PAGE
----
Arizona Cardinals star defensive back Tyrann Mathieu opened up about his childhood and a number of other topics in a feature article in Men's Journal by Paul Solotaroff (warning: link contains NSFW language).
Mathieu, 24, revealed the tremendous amount of loss he's suffered throughout his life:
He walks me through the liturgy of his dead. The first cross is for his grandpa Lorenzo, who took in Mathieu when his mom abandoned him at birth. "The heroin got him, though he died of heart failure." Beside Grandpa is Uncle Donell, dead of AIDS, "from dirty needles." Beside Donell is Uncle Keith, "murdered in the street while holding his baby son in his hands." Next to him is Aunt Trina, who "died on Thanksgiving, when some jackass ran a red light." Next to Trina is Uncle Andre, murdered late at night over a projects squabble. The names run together in a blur of urban carnage, their blood tide turned to cruciform squibs of ink. "How?" I ask him. "How are you still here when all these people are gone?"
"I'm a warrior," he says after some reflection. "I've lived through a lot — and it couldn't kill me."
Things weren't any easier with his birth parents:
It started at birth, when his mother dumped him on her parents and ran off "to chase dudes," as he tartly puts it. Beginning at 22, Tyra Mathieu birthed five kids in seven years to two men she barely saw again. Tyrann was her second with Darrin Hayes, a kid off the streets who killed a man in cold blood when Mathieu was only two. "First time I met him, I was 10 years old," says Mathieu. Hayes rarely wrote him or evinced the slightest interest until Mathieu became a star at Louisiana State University. As for Tyra — well, motherhood was never her strong suit. "She'd come back when she was out of cash and stay by her folks for a while. But around when my grandpa died and I asked her point-blank, 'Can I come live with you?' she told me, 'Nope, no, you can't.' And that was that."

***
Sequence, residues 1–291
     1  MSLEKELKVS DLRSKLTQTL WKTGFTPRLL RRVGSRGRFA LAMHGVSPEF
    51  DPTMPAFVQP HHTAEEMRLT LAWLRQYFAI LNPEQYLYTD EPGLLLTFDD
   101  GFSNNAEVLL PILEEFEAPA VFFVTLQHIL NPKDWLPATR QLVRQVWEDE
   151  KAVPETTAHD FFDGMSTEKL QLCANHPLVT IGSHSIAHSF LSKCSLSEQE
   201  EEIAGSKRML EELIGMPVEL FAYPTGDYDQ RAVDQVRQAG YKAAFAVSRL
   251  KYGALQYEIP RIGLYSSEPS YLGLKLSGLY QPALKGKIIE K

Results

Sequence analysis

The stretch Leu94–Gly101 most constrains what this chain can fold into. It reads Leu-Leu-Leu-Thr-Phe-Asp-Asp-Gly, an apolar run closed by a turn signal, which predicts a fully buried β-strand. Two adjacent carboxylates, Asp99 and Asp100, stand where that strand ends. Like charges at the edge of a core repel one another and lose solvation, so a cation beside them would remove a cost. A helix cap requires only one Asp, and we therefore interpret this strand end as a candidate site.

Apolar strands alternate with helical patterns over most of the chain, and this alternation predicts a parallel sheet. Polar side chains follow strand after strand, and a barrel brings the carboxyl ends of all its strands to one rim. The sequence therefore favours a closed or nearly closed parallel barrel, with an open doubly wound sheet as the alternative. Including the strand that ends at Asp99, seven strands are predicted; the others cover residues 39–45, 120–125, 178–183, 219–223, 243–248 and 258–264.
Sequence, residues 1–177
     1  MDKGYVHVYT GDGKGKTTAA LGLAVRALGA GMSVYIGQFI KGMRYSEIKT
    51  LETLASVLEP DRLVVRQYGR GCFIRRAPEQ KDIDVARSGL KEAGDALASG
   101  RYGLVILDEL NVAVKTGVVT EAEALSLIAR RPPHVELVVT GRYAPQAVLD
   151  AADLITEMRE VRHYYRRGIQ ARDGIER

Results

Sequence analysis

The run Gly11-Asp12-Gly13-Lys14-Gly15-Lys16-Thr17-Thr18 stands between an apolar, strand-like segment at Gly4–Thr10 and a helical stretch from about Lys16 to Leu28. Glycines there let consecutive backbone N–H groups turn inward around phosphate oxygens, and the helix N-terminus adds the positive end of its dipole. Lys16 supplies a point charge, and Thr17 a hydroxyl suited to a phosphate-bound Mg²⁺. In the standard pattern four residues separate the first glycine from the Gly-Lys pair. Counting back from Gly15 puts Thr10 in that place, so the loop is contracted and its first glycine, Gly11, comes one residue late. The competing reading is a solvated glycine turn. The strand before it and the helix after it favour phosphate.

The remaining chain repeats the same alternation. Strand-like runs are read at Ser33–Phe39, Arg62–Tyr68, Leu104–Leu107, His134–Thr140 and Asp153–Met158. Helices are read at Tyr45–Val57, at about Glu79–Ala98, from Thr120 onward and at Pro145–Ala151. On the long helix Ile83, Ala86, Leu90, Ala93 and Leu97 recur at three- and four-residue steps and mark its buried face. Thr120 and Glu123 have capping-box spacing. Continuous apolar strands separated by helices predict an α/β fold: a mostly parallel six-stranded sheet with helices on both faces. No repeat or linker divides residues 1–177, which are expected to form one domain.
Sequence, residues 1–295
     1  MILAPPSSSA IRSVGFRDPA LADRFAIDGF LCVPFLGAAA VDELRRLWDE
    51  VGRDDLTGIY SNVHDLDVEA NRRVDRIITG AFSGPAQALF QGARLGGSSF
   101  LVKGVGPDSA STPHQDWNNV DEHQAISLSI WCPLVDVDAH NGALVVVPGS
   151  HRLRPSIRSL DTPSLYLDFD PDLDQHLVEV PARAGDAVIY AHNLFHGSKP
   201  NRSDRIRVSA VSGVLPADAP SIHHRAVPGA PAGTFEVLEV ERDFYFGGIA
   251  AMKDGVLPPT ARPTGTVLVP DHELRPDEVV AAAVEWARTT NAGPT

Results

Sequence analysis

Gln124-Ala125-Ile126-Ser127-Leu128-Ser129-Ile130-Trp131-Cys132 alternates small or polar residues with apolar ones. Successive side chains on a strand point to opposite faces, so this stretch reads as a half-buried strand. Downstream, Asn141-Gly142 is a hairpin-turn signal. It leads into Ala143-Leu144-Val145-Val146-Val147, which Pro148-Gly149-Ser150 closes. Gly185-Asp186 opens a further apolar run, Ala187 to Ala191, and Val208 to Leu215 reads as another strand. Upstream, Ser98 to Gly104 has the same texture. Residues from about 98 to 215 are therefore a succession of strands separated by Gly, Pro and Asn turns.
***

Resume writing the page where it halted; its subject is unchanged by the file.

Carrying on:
Mathieu first grew up with his grandparents in a home that included many of his cousins and other people from the neighborhood seeking refuge. He was eventually adopted by his uncle, Tyrone, and his wife Sheila. The family lost everything in Hurricane Katrina, moving to Texas for a time and spending nearly a year homeless.
It was at that point in his life that Mathieu revealed he started to turn to marijuana to deal with the pain in his life.
"That's why I wound up smoking so much weed," he told Solotaroff. "It smoothed out all my highs and lows."
He added: "Most of my team was smoking. I mean, we practiced at this park where half the time gunshots were going off."
He would eventually fail two drug tests at LSU and was kicked off the team. He also was arrested and charged for simple possession after his college football career came to a close. That caused him to fall down the draft before he was eventually selected in the third round (69th overall) by the Cardinals in 2013.
Since then, two things have defined Mathieu's career: His dynamic, game-changing, playmaking ability and a number of injuries.
Both athletic enough to cover wide receivers and tight ends alike and physical enough to make plays near the line of scrimmage, Mathieu has become the heart of Arizona's defense. He reached the Pro Bowl in 2015 and was voted an Associated Press first-team All-NFL selection, posting 89 tackles, five interceptions, a touchdown, a forced fumble and a sack in 14 games.
He earned that contract because he's become so dominant. And part of that dominance is his work done off the field, and some comes from his swagger and desire to simply dominate the top receivers in the game:
He doesn't watch much sports or waste time on schlock TV; studying wideouts is what he does for fun. Show him something once and he's got it down cold, which explains how he's able to dominate players who outsize him by half a foot. "I don't try to jam you," he says. "That would be stupid. I just get to the spot you're going before you do." It's infuriating to play against someone like Mathieu because he's living inside your head from the opening gun.
He has some choice stories about the receivers he's broken down, stars who, he claims, flat quit on him during a game. The great tight end Jimmy Graham "stopped looking for the ball, said, 'I don't care anymore.' " (Graham did not return several phone calls for comment.) Mathieu figures 80 percent of the men he's covered gave up during a game, then came over after the gun and showed him love.
If there's one thing you can expect from Mathieu, however, it's that he won't ever give up. Based on the adversity he's faced in his life, if he was going to quit, he likely would have done that long ago.
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